Does the hospital meet national quality standards?
Hospitals can choose to be surveyed by the Joint Commission to be sure they make certain quality standards. These standards address the quality of staff, equipment, and their success in treating and curing patients. Order free performance reports by visiting their website at www.jointcommission.org.
How does the hospital compare with others in my area?
Look at hospital reports compiled by your state or by local consumer groups. To find out what information is available, call your State Department of Health, a local health care council or local hospital association. Also, don’t hesitate to ask your doctor his or her opinion about a particular hospital.
Has the hospital had success with my condition?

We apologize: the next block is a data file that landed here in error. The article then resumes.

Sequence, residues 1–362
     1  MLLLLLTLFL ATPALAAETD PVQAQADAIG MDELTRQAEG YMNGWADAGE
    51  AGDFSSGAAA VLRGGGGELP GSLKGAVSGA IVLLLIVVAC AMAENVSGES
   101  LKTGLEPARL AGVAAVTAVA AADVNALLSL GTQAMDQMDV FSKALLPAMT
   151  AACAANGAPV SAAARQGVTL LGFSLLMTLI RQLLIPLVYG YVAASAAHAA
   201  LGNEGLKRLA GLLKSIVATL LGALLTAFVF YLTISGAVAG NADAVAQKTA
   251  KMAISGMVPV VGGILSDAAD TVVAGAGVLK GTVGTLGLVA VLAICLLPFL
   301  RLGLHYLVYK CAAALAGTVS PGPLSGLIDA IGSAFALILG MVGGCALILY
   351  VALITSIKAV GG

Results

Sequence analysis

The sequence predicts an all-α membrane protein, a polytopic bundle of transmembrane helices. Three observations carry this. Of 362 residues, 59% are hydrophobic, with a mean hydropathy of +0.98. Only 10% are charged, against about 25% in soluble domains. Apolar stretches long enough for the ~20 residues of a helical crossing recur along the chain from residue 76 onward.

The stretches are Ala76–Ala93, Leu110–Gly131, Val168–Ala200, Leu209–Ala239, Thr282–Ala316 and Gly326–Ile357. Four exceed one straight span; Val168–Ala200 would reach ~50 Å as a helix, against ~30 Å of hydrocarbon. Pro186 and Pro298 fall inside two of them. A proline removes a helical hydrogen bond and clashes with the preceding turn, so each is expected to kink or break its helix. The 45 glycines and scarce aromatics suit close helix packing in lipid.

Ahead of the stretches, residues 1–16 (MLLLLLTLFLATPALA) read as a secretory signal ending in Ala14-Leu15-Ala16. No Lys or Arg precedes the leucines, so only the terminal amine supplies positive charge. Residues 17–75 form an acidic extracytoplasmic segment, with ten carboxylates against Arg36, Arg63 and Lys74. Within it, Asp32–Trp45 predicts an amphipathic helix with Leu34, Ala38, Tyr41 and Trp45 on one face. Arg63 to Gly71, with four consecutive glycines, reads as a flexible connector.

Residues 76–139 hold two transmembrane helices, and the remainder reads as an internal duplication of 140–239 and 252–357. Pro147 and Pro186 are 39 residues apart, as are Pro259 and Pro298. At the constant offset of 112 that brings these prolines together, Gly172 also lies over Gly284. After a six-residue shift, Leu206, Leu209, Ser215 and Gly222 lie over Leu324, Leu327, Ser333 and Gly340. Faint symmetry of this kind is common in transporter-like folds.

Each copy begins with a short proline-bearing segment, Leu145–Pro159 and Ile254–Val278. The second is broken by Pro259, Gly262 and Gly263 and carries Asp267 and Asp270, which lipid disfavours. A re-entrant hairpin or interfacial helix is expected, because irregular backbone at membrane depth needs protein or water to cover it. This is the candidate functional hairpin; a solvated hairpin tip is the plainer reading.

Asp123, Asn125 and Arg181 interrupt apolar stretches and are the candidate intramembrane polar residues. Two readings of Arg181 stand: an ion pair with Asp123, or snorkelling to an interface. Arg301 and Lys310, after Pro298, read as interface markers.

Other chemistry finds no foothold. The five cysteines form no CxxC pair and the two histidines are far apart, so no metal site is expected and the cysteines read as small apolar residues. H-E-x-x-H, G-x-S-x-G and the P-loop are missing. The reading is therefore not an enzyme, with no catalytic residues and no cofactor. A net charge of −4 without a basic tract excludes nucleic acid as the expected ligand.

Ask your doctor how often the procedure is done there, how often the doctor does the procedure and the success rate. Some health departments may publish “outcomes studies” about certain procedures.
How well does the hospital check and improve on its own quality of care?
Ask the hospital quality management department how it monitors and improves the hospital’s quality of care. Also, ask for any patient satisfaction surveys the hospital has done.
Consider these additional questions regarding the hospital:
• Does my doctor have privileges (permitted to admit and treat patients) at the hospital?
• Does my health plan cover care at the hospital?
• Does the hospital have experience with my condition?
Thoroughly doing your homework when it comes to the medical care you choose can pay off in the long run, in terms of cost, and especially in terms of quality of care.
To learn more, contact the Professional Insurance and Risk Management team at E.B. Cohen.